Give Survivor credit — they only had one hit (at least that I can remember), but they sure did milk it for everything it was worth. For a good few years there, “Eye Of The Tiger” was absolutely everywhere, wasn’t it? Rocky III was only the beginning — the song went on to appear in countless commercials, it was on the radio all the fucking time (peaking at number one on the Billboard charts, where it remained for a good couple of months), and in 1986 it even got itself a movie written around it a la Convoy and Take This Job And Shove It —a jaunty little Death Wish/Walking Tall -style revenge number starring Gary Busey and directed by Richard C. Sarafian of Vanishing Point fame.
That’s a pretty solid record of accomplishment for a song that, let’s face it, sucked. But we’re not really here to talk about the song, are we? So let’s get down to bid’ness.
Tough-ass-but-kind-hearted Viet Nam vet Buck Matthews (Busey, in fine form here as you’d probably expect), having just done a nickel upstate for justifiably killing a man in self-defense, returns to his hometown only to find it overrun by a sadistic motor cycle gang that is cooking up crack on the outskirts of town. His parole officer, the local sheriff who sent him away on his bogus beef in the first place (Seymour Cassel), just so happens to be on the take from the gang’s leader, one OTT hard mofo who goes by the handle of Blade (William Smith, veteran of pretty much every AIP biker exploitation flick), so even though Buck’s seething with rage at the injustices happening to his townsfolk on a daily basis, he’s gotta keep himself outta trouble. Still, when he “steps out of line” by saving a young damsel from being raped by a rowdy n’ randy handful of Blade’s men, the psycho bikers and their kept cop figure it’s time to teach ol’ Buck a lesson.
You can guess the rest, I’m sure — they bust into his house, kill his wife, traumatize the shit out of his daughter, and Buck swears to bring ’em all down. He’s gotta get some help, of course, and fortunately “good cop” J.B. Deveraux (the legendary-for-good-reason Yaphet Kotto) is willing to lend a hand in bringing down his boss and the “wild riders” who pay him to not only look the other way, but provide them with protection and even chip in with their law-breaking when necessary.
Still, two against dozens is a pretty uneven fight, but before you go and figure that mathematics isn’t exactly one of Eye Of The Tiger‘s strong suits, rest assured — Buck’s former cellmate, a Miami drug kingpin, is willing to help the fellas out by providing all the heavy-duty ordnance they could ever possibly need, and while you might be tempted to scratch your head over not only the morality but the logic of utilizing the ill-gotten gains of a massive drug-running organization to bring down a much-smaller-time drug-running organization, rest assured that the ensuing mayhem — which includes piano-wire biker decapitations and burying a bad guy’s head in a pile of cocaine — will entertain you so much that you won’t be worrying about such pesky little details.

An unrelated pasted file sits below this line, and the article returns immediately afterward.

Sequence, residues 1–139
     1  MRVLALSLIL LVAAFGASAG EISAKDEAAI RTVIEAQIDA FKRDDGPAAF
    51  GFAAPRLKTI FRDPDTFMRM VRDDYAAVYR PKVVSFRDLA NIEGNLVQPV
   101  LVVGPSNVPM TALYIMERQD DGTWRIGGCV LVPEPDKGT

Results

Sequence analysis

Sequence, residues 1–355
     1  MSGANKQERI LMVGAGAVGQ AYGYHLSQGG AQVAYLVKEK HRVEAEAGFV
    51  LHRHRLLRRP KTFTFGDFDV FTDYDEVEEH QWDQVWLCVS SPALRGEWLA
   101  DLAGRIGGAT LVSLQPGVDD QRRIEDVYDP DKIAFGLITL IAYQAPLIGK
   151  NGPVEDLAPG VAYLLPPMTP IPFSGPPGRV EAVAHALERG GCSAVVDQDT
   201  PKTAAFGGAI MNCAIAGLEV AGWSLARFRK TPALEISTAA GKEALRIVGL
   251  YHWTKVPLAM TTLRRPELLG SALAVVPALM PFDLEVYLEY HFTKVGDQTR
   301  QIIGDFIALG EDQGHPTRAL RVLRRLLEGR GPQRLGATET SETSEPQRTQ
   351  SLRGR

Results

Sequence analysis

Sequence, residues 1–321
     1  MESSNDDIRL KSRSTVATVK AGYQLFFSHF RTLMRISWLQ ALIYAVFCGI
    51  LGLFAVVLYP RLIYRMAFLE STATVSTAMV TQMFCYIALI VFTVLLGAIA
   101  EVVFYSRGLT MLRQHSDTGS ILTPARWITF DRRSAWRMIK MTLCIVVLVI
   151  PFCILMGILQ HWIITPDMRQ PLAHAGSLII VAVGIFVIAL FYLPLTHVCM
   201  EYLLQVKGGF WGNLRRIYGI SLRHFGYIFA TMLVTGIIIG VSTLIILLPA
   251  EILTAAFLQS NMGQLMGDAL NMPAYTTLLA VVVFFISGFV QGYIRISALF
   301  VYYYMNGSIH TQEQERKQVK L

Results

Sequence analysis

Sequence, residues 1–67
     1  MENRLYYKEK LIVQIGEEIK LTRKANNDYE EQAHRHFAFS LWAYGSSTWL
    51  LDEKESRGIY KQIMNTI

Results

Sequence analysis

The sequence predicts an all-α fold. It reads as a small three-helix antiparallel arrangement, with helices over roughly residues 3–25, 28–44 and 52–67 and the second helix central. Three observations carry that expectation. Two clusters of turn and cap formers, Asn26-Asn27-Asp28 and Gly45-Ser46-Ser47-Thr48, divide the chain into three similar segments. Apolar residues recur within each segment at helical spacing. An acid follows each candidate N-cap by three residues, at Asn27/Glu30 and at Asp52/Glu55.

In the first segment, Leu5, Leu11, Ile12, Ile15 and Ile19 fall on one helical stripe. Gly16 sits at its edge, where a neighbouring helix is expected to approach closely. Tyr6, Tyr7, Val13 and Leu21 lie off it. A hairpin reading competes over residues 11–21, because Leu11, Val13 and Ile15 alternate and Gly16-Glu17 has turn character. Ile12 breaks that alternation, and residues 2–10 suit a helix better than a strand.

On the plus side, this is a well-done, stereotypical blue-collar revenge flick with some terrifically-shot-and-paced action sequences, fun cardboard characterization (Buck’s impassioned speech about his days in ‘Nam delivered at a bingo hall is a personal favorite moment), and plenty of kick-ass murder and general violence. The actors are all having an obvious blast delivering their corny-as-shit lines and Sarafian does a great job of keeping the proceedings light while obviously still being concerned about delivering a quality product.
On the minus side, the theme song is played over and over again incessantly. But what the hell — you made it through 1983 and 1984, when you couldn’t even get through a day without hearing snippets of it at least a dozen times even entirely by accident, so you can sure as shit do the same thing here. Eventually it just kind of harmlessly blends into the background of the film, just as it kind of harmlessly blended into the background of life itself for awhile there.
Eye Of The Tiger is available on DVD a couple of different ways — either as a stand-alone release from MGM that features a nicely-remastered widescreen picture and mono sound with no extras or, better yet, as part of Shout! Factory’s “4 Action-Packed Movie Marathon” two-disc set that just came out last week. B-Movie fans are all over this one (even though it’s also a bare-bones release with the same picture and sound specs) for a couple of reasons, one being that it retails for under ten bucks, the other being that it finally marks the long-awaited release of Exterminator 2 in a post-VHS format. Needless to say, buy this now or you’re an idiot.
I suppose at this point that you might be thinking to yourself — quite understandably — that this flick essentially sounds like Death Wish 3 on steroids, and you know what? You’re exactly right. That might sound kinda unoriginal and hackneyed to the sophisticated cineastes of the world, but to me it sounds like a recipe for guaranteed awesomeness.
You got a problem with that?